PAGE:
The micro USB port at the top of the Galaxy S has a slide-out covering to keep lint and other things out of your phone. An important point for some might be the lack of an HDMI out port on the phone. However, there is another way to output video from the device. An interesting feature of the Samsung Galaxy S is the ability to transmit video from the 3.5mm audio jack using an RCA cable.

Due to the recent debacle with the iPhone's signal strength, I decided to test the Galaxy S to see if it also suffered from a spot that killed the signal strength. The antennae, located at the bottom rear part of the handset, can have issues when deliberately held in a manner to cover the antennae. I was testing it at a friend's house and was holding it in a typical manner, messing around in some apps when I saw the bars drop from 3 to 1 and sometimes none. The signal strength here in the office is almost always four bars, so it is hard to recreate the problems.

Software

The software is pretty good. The Samsung Galaxy S comes loaded with Android 2.1 featuring TouchWiz UI 3.0, with a promise by Samsung that the phone will be upgraded to Android 2.2. The apps menu is too similar to the iPhone for my taste, but I'm surviving.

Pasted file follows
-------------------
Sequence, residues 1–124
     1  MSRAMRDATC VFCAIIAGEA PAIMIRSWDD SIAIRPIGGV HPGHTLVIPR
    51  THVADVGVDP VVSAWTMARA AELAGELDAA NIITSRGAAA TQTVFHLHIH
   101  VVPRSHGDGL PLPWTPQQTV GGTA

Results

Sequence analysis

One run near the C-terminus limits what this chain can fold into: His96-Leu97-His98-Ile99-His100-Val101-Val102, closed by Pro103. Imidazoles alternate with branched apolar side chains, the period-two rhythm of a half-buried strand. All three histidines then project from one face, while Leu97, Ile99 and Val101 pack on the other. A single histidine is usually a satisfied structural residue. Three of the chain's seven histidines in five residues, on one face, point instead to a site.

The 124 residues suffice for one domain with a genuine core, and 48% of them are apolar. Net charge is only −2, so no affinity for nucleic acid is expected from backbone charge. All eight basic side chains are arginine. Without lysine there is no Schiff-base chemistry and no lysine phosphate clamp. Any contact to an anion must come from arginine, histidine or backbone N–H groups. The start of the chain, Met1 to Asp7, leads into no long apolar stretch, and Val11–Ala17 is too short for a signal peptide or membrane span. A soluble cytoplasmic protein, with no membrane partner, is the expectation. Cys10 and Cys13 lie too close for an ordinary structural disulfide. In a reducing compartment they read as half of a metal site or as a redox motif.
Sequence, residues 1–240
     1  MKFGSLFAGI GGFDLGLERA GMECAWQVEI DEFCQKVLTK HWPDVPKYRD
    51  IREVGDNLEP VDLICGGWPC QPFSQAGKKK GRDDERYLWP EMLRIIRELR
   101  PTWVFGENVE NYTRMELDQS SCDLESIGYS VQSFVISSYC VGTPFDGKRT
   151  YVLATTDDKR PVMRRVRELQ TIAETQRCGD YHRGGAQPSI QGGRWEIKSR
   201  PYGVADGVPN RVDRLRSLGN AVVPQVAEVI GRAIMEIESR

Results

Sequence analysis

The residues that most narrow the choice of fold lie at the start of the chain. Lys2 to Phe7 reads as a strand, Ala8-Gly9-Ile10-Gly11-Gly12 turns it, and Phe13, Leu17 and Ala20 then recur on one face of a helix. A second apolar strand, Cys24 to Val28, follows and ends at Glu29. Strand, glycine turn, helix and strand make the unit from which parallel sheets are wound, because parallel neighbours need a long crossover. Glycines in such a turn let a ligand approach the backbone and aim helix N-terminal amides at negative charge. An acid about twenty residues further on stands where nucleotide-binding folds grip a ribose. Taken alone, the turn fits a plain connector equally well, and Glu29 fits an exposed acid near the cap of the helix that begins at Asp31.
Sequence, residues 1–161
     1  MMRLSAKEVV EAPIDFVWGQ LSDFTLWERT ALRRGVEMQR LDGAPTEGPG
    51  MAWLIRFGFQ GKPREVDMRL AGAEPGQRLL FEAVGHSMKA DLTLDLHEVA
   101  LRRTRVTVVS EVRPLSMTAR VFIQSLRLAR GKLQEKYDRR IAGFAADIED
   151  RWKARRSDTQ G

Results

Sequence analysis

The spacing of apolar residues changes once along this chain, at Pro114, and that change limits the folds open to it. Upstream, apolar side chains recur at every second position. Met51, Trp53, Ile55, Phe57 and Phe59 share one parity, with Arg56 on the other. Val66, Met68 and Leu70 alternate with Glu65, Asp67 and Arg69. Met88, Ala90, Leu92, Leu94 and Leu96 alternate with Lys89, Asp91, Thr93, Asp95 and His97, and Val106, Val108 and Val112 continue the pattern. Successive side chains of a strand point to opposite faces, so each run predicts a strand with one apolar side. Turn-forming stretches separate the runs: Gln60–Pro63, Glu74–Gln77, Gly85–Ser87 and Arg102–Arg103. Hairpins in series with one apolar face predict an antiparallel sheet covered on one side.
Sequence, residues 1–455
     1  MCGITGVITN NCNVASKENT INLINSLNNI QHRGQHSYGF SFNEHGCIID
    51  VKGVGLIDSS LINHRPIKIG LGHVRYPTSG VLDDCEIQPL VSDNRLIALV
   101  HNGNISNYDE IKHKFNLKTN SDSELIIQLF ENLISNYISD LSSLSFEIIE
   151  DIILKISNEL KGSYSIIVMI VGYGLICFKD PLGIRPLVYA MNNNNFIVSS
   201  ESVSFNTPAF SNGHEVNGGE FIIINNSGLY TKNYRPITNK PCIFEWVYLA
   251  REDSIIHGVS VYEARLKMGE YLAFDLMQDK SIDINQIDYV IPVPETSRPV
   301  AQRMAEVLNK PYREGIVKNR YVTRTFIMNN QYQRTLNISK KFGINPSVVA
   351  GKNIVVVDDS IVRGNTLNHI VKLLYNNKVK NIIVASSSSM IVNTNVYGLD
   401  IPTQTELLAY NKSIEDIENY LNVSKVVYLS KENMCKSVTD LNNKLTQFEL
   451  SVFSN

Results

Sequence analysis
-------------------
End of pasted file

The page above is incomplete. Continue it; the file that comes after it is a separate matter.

There is a Samsung app that comes with the phone called Daily Briefing, and while it can show stock reports, weather, and news, it leaves me frustrated. For one, regardless of how small you make the widget, it always takes up all possible locations to place an app on the homescreen. Additionally, it seems that I can only choose AP News stories on my phone, if I was in America, would be fine, but I'm not. Living in Berlin, (or anywhere outside the US), having the ability to choose where my news comes from (location and source) would be nice.